The 11-part series follows four Black fathers in three vastly different families as they experience parenthood. La Guardia Cross, the subject of last week’s (October 26) premiere, balances his rap career with being a supportive parent and partner to his daughter Amalah and partner Leah.* Other episodes focus on criminal justice activist Shaka Senghor, who co-parents three-year-old Sekou with his partner Ebony Roberts—all while touring the country to speak about mass incarceration and his own 19 years behind bars. Future episodes highlight Chris and Shelton Stroman-Inniss, who fight against Georgia’s same-sex marriage ban while raising their son, Jonathan.
McLaurin won a 2013 Peabody Award for “180 Days: A Year Inside an American High School,” a PBS documentary about students and staff who thrive against the odds at a predominantly Black Washington, D.C. high school. He drew on this exploration of Black children’s support networks, as well as his own recent fatherhood, while shooting the series.
The show’s official website, pops.life, will feature parenting resources to accompany each episode’s themes.
We spoke to McLaurin about developing “Pops,” lessons from its subjects and more. Here, highlights of that conversation, condensed and edited for clarity.
What compelled you to create “Pops” and document Black fatherhood?
I’d already made a few documentaries that looked at Black boys going through the school system, and I was affected by news reports on police-involved shootings. I also was on the cusp of being a first-time father. All of that came together to make me interested in exploring what fatherhood looked like through Black men’s eyes. Black Public Media encouraged me to apply for their incubator program with this project as a web series. The web helps you get your content out into the world faster and avoid the hurdles that go with other broadcast forms. I also wanted to reach people who would be seeing this on phones or other mobile devices.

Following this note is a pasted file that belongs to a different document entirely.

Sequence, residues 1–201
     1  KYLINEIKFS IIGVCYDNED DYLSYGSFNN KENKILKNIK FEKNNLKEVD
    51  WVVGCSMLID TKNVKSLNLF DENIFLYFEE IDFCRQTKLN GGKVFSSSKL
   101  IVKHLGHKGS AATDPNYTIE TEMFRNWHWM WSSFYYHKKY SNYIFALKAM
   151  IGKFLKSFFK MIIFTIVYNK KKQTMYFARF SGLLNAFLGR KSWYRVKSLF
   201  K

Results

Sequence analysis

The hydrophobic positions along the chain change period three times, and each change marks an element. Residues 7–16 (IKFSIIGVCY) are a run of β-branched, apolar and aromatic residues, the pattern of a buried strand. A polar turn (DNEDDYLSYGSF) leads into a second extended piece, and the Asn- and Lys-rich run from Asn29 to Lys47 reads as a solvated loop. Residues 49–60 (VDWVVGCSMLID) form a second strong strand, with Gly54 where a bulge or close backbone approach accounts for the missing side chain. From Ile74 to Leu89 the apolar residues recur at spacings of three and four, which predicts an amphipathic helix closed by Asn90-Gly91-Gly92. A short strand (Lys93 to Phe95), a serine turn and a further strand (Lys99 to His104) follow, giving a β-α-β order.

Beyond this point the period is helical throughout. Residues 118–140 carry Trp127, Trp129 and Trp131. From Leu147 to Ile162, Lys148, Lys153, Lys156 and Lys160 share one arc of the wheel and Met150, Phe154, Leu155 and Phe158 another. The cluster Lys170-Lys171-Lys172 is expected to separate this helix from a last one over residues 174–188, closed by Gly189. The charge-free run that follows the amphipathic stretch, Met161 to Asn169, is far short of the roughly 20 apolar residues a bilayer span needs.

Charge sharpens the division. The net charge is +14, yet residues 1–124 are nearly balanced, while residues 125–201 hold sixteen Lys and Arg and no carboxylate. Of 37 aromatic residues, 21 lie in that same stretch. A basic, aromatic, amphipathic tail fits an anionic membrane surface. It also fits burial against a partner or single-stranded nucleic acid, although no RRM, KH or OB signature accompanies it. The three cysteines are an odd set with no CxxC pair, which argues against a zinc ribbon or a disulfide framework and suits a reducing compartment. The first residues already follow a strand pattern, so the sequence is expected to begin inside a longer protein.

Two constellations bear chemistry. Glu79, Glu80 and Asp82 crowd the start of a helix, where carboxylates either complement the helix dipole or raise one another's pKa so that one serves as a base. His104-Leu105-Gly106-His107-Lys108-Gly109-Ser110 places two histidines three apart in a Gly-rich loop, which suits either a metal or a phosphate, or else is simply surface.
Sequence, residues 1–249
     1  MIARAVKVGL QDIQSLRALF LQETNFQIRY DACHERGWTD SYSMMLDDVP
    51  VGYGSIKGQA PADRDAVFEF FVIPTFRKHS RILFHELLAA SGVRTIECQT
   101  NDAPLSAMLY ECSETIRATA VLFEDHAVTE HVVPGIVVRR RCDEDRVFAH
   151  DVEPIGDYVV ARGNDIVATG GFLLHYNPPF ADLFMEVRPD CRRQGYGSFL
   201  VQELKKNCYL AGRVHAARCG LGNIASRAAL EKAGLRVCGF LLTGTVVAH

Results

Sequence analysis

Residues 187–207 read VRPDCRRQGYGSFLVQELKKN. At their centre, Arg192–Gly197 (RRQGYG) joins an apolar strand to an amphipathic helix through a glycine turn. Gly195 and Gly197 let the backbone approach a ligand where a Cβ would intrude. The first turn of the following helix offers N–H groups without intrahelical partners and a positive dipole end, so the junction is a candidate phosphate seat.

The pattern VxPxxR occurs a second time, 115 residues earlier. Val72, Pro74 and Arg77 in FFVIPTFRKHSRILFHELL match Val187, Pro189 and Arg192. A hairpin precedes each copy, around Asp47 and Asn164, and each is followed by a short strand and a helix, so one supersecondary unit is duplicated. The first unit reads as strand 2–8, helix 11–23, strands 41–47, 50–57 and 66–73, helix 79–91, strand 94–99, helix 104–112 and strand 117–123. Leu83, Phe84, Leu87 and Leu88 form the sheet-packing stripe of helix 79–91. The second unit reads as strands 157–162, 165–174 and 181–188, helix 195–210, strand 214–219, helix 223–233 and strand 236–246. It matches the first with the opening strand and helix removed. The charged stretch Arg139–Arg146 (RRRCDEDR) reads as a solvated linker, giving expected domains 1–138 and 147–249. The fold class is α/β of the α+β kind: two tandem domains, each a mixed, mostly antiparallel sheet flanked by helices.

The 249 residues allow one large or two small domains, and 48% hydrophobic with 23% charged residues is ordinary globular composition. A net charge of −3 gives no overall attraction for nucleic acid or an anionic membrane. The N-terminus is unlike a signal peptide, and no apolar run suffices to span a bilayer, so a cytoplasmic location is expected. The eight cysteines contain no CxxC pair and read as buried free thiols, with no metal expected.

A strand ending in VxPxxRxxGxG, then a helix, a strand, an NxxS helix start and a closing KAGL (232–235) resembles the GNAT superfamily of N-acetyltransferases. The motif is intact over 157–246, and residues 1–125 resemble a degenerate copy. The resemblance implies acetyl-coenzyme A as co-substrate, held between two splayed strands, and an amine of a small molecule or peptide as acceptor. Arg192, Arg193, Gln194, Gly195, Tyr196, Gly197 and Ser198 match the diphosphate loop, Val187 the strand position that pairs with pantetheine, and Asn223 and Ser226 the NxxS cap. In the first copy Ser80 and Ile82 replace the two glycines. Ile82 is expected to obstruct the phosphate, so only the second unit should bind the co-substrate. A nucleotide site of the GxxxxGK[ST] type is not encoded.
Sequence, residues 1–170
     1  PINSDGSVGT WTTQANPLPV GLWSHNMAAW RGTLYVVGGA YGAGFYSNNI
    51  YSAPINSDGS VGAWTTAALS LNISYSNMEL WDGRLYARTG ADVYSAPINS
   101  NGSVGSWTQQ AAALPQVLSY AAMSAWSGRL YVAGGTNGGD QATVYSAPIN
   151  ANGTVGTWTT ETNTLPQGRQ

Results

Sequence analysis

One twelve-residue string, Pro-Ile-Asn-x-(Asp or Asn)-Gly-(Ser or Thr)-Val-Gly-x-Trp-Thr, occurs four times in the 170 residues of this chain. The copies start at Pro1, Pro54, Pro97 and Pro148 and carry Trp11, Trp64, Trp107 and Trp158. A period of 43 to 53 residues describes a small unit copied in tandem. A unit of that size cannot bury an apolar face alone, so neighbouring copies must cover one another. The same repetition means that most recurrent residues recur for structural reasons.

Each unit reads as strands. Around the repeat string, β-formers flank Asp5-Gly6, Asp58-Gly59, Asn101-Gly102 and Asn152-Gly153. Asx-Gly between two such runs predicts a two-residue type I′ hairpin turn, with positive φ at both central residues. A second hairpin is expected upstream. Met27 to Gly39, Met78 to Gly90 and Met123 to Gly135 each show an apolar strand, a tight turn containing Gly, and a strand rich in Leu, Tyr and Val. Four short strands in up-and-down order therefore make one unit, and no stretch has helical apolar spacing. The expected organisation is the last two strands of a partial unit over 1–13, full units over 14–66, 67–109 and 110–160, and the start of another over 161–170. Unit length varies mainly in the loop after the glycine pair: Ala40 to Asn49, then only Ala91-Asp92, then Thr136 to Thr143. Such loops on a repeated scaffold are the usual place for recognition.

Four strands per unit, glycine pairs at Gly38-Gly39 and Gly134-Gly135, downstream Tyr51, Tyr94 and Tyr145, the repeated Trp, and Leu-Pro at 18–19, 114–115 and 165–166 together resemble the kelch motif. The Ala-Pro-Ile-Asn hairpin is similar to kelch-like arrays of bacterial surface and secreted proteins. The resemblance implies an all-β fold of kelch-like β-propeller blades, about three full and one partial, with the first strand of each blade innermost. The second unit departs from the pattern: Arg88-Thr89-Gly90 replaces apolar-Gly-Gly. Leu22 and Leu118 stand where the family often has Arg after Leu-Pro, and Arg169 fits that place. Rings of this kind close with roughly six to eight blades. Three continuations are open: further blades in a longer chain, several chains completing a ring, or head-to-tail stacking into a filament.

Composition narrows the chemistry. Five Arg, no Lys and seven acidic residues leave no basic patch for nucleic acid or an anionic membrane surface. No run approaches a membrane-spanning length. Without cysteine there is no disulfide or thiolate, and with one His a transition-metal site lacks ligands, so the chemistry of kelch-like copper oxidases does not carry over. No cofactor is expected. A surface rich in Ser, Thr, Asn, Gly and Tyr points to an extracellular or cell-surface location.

What led to you featuring these particular family units in “Pops?”
When I developed the show, I was interested in fatherhood for new fathers. I also wanted to investigate fatherhood after incarceration, which is a big deal in the Black community, as well as fatherhood for same-sex couples, which people don’t discuss much. I want these particular themes to be conversation-starters for dads and their families.
The series highlights Black men in different parenting situations, but the first episode with La Guardia Cross also follows his wife, Leah, and her struggles with depression. Why have this inclusion in a series primarily focused on Black fathers?
The series shows that whenever you focus on Black men, you automatically focus on the Black family or other supporting community around raising kids. There’s this narrative that Black dads are deadbeats, and that’s just not true—Black dads are actually more involved in their kids’ lives than any other group. But average people, even some Black people, don’t know that. I wanted to contribute a counter-narrative.
The role of women in raising kids has to be honored and acknowledged. Leah Cross and [the mother of Shaka Senghor’s child] Ebony Roberts are phenomenal women, and very supportive of their kids and the fathers in different ways. Neither La Guardia nor Shaka would be the men they are without their partners.
Is that true for you too?
Oh, absolutely! And you can print that! [laughs] There’s no way I could’ve gotten to where I am without Mari and her support as a partner and mother. It’s amazing to see the connection she has with my daughter—I have a connection with her too, but it’s not the same.
As you said, you’re a new father who was shooting other new fathers as they grew into their roles. Did you learn anything from filming “Pops” that you now take into your own parenting?
Oh man! [laughs] I learned the necessity of keeping an open, healthy dialogue with your loved ones, and how important it is to live your truth. All of these men live their truth and are very good at communicating with their children.
But each father is so different. I really enjoyed watching La Guardia balance his work and dedication to his family. [The best part of watching] Shaka was seeing him trying to provide the best for his child, while also having a healthy co-parenting relationship with his child’s mother. Chis and Shelton went through hell to navigate state and private adoption services to get their child, and they showed a lot of courage in building this community to support their son and themselves. That was very inspirational.
*Note: Post has been updated since publication with a correction regarding the second episode’s content.